Joan Miró, ‘1960s Miró lithograph (derriere le miroir) ’, 1967, Lot 180
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Joan Miró

1960s Miró lithograph (derriere le miroir) , 1967

Lithograph
15 × 11 in
38.1 × 27.9 cm
.
Sold
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About the work
Lot 180

Vintage Miró Lithograph
Portfolio: Derriere Le Miroir
Published by: Galerie Maeght, Paris, 1967

Medium
Condition
Very good.
Signature
Not signed
Frame
Not included
Joan Miró
Spanish, 1893–1983
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Joan Miró rejected the constraints of traditional painting, creating works “conceived with fire in the soul but executed with clinical coolness,” as he once said. Widely considered one of the leading Surrealists, though never officially part of the group, Miró pioneered a wandering linear style of Automatism—a method of “random” drawing that attempted to express the inner workings of the human psyche. Miró used color and form in a symbolic rather than literal manner, his intricate compositions combining abstract elements with recurring motifs like birds, eyes, and the moon. “I try to apply colors like words that shape poems, like notes that shape music,” he said. While he prized artistic freedom, Miró revered art history, basing a series of works on the Dutch Baroque interiors of Hendrick Sorgh and Jan Steen. In turn, Miró has inspired many artists—significantly Arshile Gorky, whose bold linear abstractions proved a foundational influence on Abstract Expressionism.

Joan Miró, ‘1960s Miró lithograph (derriere le miroir) ’, 1967, Lot 180
Save
Save
View
View in room
Share
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About the work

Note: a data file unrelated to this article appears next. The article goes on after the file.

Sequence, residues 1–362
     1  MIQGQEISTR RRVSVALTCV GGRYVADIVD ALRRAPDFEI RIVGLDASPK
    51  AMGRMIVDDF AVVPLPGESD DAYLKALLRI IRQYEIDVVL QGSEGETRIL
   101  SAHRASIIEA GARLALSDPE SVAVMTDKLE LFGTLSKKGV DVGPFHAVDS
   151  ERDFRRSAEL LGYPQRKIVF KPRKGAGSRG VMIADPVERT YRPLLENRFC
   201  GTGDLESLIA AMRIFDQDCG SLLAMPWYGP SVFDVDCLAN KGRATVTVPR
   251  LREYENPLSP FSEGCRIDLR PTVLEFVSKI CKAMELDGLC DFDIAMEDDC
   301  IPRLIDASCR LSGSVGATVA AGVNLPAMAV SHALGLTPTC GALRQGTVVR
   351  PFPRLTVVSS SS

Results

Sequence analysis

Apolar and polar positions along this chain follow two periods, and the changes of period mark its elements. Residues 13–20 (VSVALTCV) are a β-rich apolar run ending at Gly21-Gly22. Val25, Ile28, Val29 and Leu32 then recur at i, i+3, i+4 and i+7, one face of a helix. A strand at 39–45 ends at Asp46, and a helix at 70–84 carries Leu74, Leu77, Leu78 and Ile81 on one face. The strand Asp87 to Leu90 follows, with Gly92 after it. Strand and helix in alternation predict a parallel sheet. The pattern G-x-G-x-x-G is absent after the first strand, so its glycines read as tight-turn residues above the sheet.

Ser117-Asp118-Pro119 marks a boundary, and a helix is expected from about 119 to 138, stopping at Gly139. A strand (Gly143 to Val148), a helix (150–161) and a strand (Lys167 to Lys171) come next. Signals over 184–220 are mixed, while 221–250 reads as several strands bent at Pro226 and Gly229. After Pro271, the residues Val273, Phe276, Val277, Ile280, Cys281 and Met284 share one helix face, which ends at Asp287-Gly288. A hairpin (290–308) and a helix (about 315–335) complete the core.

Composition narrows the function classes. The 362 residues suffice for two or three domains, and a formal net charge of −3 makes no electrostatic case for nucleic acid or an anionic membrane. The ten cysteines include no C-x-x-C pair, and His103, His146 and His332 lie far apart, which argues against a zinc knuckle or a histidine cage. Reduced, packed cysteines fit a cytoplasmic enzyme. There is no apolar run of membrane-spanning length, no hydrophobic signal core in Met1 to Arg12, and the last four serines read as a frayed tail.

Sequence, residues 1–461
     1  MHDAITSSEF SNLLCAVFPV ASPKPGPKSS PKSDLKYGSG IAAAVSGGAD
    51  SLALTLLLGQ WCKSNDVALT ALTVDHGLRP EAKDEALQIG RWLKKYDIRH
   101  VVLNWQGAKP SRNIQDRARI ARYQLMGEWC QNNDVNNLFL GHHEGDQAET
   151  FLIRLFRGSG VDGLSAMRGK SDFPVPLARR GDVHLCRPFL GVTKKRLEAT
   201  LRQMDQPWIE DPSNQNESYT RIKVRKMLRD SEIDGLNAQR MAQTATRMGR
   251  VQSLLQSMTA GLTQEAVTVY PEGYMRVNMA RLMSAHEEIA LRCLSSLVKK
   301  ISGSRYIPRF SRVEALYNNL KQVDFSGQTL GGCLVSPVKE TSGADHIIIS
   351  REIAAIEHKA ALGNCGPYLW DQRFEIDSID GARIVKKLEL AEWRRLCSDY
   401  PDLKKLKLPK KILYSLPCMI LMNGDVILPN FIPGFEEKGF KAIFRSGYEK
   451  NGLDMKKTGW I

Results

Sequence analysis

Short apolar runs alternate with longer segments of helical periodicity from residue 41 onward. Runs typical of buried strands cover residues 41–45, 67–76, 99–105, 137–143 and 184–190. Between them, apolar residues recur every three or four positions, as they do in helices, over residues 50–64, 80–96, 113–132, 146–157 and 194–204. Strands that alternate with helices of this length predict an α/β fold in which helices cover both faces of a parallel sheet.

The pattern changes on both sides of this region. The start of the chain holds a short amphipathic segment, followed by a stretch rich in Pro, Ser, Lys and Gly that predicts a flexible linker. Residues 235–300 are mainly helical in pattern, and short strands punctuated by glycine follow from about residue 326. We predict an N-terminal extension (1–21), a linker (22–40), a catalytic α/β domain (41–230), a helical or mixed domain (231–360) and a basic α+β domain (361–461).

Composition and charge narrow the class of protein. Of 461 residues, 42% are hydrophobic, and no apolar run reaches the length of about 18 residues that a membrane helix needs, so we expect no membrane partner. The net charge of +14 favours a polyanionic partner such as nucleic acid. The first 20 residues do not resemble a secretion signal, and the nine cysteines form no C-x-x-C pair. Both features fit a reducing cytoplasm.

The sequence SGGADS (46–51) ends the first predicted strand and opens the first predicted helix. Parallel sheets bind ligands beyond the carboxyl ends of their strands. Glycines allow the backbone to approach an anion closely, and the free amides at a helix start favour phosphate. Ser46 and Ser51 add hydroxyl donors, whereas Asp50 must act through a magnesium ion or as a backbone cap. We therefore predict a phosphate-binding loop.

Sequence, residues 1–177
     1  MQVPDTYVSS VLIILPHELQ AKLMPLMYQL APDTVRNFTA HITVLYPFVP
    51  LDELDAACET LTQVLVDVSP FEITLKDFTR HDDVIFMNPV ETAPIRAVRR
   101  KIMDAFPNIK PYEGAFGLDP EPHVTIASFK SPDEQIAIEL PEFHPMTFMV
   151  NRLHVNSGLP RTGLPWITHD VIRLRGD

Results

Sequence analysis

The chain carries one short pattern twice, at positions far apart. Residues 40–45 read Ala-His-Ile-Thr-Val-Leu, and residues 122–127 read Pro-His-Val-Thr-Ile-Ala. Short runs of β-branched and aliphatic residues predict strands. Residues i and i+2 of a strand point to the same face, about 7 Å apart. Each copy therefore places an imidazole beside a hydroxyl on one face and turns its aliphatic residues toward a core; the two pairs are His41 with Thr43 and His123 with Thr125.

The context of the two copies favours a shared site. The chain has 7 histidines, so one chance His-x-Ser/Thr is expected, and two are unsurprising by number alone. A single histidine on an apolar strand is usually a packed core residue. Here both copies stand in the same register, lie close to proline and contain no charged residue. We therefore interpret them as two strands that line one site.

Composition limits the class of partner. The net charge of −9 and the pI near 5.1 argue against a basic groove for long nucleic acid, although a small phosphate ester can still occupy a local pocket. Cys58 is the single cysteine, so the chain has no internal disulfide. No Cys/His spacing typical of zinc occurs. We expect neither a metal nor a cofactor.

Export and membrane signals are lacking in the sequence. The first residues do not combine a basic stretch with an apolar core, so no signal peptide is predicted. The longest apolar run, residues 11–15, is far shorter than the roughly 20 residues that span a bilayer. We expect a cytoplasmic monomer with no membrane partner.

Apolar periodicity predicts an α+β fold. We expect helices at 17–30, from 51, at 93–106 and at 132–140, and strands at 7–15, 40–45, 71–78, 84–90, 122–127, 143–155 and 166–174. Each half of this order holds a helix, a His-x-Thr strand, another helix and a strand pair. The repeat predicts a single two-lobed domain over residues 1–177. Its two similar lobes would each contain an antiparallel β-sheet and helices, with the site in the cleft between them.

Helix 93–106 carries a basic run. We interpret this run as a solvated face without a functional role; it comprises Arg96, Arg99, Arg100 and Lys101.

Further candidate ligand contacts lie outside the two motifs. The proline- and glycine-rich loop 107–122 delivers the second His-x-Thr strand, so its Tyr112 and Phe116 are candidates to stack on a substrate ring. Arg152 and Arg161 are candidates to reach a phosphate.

Lot 180

Vintage Miró Lithograph
Portfolio: Derriere Le Miroir
Published by: Galerie Maeght, Paris, 1967

Lithograph in colors. 1967.
11 x 15 inches.
Center fold-line as issued; otherwise very good condition.
Unsigned from an edition of unknown.
Excellent frame piece.

Offered by Lot 180 New York

Medium
Condition
Very good.
Signature
Not signed
Frame
Not included
Joan Miró
Spanish, 1893–1983
Follow

Joan Miró rejected the constraints of traditional painting, creating works “conceived with fire in the soul but executed with clinical coolness,” as he once said. Widely considered one of the leading Surrealists, though never officially part of the group, Miró pioneered a wandering linear style of Automatism—a method of “random” drawing that attempted to express the inner workings of the human psyche. Miró used color and form in a symbolic rather than literal manner, his intricate compositions combining abstract elements with recurring motifs like birds, eyes, and the moon. “I try to apply colors like words that shape poems, like notes that shape music,” he said. While he prized artistic freedom, Miró revered art history, basing a series of works on the Dutch Baroque interiors of Hendrick Sorgh and Jan Steen. In turn, Miró has inspired many artists—significantly Arshile Gorky, whose bold linear abstractions proved a foundational influence on Abstract Expressionism.

Joan Miró

1960s Miró lithograph (derriere le miroir) , 1967

Lithograph
15 × 11 in
38.1 × 27.9 cm
.
Sold
Want to sell a work by this artist? Consign with Artsy.
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Surrealism